What The Beats Can Teach Christians About The Voice of God
Gary Snyder is a lot of things. One of them is a poet of the Beat generation. He broke all of the stereotypes for that wild movement in the mid-50s: a counter-cultural group of frustrated youth raging against the confines of the “Leave it to Beaver” lifestyle track. While most of his ilk were pounding New York and San Francisco streets in broken-soled loafers and secondhand sports jackets (the cheesy, black-beret image began sullying the waters in the early sixties and there is little reality to it), he tromped on the scene in logging boots and rough flannel straight out of the High Cascade range. He was equally adept as a trail builder, logger (choke setter), high mountain fire lookout, merchant mariner, and mountain climber as he was a Berkeley professor, Japanese academic scholar, and environmental activist. He is a seeker. Arguably, he is a seeker of enlightenment. Here’s one of my favorite poems of his:
Mid-August at Sourdough Lookout by Gary Snyder
Down Valley a smoke haze
Three days heat, after five days rain
Pitch glows on the fir cones
Across the rocks and meadows
Swarms of new flies.
I can not remember things I once
A few friends, but they are in cities.
Drinking cold snow-water from a tin cup
Looking down for miles
Through high still air.
To seek enlightenment is to seek a new perspective on life that must ultimately elicit positive change. That search has to be both intentional and have embedded checks and balances. As Christians, our intention is to be more Christ-like as we drive down Highway 14, pick up our living room, enjoy time at Heathen Brewing, and talk with co-workers. We have to invite God into our consciousness as we work and play and do all the little things that make life go.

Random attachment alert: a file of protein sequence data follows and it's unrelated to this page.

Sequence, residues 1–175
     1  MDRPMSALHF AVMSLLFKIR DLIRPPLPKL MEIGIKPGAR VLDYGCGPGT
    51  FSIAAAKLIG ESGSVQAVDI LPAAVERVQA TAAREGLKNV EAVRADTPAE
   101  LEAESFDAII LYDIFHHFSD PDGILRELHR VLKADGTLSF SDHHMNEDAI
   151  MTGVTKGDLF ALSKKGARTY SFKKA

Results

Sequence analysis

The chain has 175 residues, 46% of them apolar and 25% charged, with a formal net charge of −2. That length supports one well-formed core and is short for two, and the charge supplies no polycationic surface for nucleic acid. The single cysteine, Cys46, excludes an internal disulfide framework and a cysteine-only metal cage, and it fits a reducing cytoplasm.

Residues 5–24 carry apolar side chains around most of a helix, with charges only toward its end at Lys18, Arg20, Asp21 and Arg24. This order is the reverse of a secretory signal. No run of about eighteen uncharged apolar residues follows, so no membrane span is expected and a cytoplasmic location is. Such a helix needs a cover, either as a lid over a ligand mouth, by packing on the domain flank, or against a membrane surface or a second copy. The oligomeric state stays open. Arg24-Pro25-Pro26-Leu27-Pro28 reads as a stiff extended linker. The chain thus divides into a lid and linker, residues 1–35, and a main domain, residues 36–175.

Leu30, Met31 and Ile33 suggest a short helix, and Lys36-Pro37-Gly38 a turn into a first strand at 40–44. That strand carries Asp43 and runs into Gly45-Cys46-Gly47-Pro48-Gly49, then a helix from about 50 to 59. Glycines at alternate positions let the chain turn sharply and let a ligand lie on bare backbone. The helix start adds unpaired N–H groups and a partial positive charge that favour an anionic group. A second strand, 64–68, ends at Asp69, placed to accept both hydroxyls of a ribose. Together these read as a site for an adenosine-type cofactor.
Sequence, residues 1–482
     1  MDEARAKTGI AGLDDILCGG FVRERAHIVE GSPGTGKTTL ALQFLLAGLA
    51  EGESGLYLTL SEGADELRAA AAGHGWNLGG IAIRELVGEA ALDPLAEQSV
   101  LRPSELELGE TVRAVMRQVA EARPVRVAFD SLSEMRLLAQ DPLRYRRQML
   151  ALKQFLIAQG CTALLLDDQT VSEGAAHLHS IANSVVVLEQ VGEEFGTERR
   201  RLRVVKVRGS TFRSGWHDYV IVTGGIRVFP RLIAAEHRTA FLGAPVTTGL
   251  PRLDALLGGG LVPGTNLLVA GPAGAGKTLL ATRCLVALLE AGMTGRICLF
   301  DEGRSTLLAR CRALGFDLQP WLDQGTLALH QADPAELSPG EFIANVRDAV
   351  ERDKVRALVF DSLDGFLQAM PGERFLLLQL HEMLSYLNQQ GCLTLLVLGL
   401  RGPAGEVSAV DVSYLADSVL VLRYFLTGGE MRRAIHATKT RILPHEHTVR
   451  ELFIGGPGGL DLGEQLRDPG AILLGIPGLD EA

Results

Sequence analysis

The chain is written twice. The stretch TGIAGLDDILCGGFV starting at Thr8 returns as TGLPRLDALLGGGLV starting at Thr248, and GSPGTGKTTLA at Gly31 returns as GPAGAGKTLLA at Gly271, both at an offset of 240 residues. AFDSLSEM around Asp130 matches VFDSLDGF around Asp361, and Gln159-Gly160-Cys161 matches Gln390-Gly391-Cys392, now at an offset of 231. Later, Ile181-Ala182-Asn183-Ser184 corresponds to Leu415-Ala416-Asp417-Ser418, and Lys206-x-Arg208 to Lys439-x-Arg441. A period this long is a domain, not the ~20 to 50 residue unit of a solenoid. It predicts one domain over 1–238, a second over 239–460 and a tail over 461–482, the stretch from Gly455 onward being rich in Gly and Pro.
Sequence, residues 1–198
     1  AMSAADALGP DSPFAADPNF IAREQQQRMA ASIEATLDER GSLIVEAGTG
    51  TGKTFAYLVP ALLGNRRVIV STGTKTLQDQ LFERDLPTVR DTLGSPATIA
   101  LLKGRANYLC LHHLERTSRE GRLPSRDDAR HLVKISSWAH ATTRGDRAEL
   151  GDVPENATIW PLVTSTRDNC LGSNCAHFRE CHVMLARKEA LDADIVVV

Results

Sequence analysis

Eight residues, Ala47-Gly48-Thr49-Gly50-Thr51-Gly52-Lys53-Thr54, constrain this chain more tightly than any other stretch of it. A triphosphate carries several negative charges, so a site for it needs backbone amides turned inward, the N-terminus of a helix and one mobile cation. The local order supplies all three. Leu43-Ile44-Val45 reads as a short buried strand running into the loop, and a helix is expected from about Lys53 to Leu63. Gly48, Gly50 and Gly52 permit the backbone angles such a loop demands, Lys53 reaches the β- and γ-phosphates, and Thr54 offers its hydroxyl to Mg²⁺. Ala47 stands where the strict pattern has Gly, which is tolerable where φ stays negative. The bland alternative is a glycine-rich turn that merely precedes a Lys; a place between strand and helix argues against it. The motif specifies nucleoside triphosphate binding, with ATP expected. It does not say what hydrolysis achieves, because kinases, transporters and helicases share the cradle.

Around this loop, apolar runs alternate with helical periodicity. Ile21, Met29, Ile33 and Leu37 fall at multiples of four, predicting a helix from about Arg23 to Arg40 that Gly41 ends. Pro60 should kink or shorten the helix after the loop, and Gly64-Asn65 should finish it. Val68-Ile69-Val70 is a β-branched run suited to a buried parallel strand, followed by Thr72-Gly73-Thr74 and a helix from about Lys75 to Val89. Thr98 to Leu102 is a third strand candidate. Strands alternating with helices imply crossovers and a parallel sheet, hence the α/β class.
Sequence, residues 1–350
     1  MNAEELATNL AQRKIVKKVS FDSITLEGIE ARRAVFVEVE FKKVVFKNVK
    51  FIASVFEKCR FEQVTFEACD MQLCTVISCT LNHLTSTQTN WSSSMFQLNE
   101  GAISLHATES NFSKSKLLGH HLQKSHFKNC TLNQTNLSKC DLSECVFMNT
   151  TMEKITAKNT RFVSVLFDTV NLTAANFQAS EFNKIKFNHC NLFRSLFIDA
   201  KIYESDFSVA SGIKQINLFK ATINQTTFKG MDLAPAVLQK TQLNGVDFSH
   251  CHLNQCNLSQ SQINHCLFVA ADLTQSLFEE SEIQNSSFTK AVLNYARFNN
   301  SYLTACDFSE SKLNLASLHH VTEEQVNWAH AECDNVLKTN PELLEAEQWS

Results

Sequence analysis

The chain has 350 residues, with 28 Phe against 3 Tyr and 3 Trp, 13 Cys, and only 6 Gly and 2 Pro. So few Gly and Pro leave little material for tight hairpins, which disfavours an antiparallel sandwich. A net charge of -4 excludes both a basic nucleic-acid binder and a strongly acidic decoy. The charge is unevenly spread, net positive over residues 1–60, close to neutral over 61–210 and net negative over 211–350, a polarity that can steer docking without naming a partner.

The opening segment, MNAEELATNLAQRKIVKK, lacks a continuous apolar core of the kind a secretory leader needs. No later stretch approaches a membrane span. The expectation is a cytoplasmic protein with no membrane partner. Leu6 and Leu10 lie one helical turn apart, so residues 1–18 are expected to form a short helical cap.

Our checks and balances are three-fold: the Bible, our prayer life with God, and our like-minded community. If one of these things is out of joint in our search for enlightenment, we run the risk of spiraling into self-involved spiritual lunacy. A buddy of mine spoke of some “seekers” his friend witnessed while working as a pilot in India. He saw many who were searching for enlightenment, but their search never produced any demonstrable change in heart or behavior in either themselves or those around them. If there is no change, then what’s the point?
Gary Snyder traveled the high country of the world to seek enlightenment and experience. He came back transformed and began changing the world around him for good through his writing, teaching, and environmentalism. We can’t all be poets or professors, but we have the abilities God gave us, and we have the Holy Spirit to help us do the good will of the Father. Our intent is to be more Christ-like and we, as Christians, live our lives in search of this enlightened state. We make sure we are on the right path by reading the Bible, praying with our God, and talking with like-minded (and otherwise) people around us. Based on what we find in our search for enlightenment, our hearts and our actions are ultimately changed.